Column: Optimism came hard to the Copper Country in WWI

By summer 1914, developments and advancements in steam, milling and mining technologies had combined to put the Lake Superior copper mines to break all previous production records.

At the shafts, the majority of the old second-motion friction-gear hoists had been replaced by much larger, more powerful, direct-acting hoists. On these modern hoists, referred to as winders in Cornwall, the hoisting drum was attached to the engine, or engines, making them more efficient — and safer. They could also operate in tandem; while the drum rotated in one direction, it could hoist a loaded rock skip up the shaft, while it simultaneously lowered and empty skip down into the mine.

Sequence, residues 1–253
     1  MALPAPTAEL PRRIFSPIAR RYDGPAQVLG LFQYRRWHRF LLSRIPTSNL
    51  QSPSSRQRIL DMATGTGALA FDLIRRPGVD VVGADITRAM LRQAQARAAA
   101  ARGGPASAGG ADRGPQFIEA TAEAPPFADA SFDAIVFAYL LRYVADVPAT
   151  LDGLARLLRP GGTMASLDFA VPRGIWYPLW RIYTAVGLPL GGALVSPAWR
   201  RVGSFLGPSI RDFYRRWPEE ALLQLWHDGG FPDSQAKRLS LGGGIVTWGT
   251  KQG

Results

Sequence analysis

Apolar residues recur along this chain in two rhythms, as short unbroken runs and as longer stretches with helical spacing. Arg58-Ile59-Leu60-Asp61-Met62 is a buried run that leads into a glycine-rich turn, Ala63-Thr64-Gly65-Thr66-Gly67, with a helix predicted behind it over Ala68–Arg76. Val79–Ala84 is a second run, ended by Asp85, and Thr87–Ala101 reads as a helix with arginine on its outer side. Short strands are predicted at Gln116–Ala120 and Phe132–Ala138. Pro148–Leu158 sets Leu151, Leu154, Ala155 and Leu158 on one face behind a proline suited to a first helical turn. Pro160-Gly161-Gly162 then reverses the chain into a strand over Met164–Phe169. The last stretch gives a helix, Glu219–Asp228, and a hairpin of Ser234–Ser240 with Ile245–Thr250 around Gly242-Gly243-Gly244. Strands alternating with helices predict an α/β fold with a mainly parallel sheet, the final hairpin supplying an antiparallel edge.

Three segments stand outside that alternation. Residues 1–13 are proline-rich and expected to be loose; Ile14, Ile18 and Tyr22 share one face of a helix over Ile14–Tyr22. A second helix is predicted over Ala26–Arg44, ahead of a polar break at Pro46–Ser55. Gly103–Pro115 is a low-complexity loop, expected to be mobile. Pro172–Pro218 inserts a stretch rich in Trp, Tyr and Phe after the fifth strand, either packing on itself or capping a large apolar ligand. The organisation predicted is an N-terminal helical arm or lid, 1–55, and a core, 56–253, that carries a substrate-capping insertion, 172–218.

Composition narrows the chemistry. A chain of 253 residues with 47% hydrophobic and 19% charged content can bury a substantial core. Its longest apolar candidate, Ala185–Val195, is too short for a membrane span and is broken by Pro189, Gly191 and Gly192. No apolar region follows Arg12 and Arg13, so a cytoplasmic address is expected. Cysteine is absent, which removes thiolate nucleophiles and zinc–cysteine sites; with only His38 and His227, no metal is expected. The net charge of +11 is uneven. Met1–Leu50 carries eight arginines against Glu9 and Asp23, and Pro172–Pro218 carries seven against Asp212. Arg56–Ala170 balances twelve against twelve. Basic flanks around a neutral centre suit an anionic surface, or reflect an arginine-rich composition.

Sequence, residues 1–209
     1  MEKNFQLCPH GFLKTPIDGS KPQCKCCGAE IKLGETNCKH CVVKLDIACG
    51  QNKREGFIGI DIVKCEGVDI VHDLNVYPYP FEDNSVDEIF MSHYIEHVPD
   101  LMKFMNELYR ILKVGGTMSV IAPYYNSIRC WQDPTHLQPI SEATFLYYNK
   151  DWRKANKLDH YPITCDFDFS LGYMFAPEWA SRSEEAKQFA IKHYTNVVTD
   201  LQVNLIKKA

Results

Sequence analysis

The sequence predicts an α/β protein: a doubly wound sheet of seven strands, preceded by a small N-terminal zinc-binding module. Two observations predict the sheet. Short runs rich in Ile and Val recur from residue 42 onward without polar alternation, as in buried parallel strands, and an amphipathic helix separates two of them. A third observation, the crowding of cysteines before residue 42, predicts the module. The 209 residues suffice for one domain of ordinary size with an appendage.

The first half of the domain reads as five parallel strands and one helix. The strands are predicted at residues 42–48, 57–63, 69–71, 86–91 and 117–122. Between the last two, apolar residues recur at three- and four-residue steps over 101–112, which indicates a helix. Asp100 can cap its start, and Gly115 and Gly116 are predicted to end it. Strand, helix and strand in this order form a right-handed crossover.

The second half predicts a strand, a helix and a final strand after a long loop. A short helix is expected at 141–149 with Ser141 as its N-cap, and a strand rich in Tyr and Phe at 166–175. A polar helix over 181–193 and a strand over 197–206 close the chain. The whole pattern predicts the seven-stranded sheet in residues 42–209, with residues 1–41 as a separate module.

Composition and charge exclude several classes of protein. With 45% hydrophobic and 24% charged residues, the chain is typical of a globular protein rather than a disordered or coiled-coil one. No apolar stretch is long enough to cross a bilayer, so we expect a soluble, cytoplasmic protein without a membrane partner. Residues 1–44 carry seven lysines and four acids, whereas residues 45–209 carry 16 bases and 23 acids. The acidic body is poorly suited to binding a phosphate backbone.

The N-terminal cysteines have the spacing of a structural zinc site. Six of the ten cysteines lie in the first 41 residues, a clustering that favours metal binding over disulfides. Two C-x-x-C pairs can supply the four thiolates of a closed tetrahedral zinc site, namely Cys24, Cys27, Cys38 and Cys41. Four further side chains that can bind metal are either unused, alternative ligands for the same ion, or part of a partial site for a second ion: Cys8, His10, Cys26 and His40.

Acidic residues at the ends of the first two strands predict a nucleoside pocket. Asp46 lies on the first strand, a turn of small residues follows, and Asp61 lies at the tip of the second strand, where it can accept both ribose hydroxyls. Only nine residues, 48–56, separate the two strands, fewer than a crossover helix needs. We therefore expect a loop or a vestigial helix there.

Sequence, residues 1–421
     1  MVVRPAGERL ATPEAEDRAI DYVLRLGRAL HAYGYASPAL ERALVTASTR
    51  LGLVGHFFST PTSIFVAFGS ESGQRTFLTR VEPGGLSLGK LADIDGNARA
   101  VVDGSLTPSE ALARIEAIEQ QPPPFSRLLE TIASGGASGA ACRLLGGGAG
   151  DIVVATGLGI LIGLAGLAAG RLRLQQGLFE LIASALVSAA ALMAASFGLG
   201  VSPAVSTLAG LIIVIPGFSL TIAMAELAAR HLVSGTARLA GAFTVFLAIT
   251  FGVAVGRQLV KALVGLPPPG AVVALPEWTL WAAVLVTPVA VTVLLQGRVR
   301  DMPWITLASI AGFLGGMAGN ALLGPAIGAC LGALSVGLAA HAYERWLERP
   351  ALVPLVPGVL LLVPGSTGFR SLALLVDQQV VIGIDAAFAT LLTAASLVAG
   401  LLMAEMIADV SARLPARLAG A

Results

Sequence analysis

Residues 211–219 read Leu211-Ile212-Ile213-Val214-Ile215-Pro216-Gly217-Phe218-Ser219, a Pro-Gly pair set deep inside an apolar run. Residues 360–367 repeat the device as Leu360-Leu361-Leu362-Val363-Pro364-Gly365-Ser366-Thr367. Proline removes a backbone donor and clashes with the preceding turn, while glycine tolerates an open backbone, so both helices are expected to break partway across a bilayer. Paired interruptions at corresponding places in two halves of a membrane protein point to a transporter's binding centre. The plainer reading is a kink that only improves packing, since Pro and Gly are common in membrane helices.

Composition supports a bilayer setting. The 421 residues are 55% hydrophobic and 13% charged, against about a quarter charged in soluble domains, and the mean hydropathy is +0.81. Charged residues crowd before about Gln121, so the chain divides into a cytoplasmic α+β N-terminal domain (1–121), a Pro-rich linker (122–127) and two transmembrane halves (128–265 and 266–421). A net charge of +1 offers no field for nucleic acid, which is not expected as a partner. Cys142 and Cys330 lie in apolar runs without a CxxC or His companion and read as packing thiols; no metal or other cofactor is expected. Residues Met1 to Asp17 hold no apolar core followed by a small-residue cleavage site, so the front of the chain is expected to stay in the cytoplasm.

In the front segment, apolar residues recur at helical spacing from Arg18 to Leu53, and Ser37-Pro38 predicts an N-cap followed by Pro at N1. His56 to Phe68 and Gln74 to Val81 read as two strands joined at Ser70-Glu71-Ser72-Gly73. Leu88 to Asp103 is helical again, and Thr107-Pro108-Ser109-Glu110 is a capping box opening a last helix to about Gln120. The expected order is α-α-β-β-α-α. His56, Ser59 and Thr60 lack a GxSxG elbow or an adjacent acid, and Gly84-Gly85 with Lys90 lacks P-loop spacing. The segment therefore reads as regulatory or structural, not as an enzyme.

These larger, more powerful hoists also significantly increased the sizes of the skips for increased rock tonnages being delivered to the shaft/rockhouses. Five-ton capacity skips were replaced with skips of six, eight, and even ten-ton capacity, often hoisting them at speeds approaching 30 mph.

The shaft/rockhouses, too, received significant re-design, configuration and engineering to increase efficiency in that department. A loaded rock skip was hoisted into the upper level of the building, where it was dumped onto an iron grate, called a grizzly, which was set at an angle. As the skip was emptied, smaller sized rock fell between the bars of the grizzly and into a multi-ton storage bin underneath. Larger rocks rolled and slid off the grizzly into waiting jaw crushers. When the rocks were crushed fine enough, they fell through the bottom of the crusher and into the same storage bin.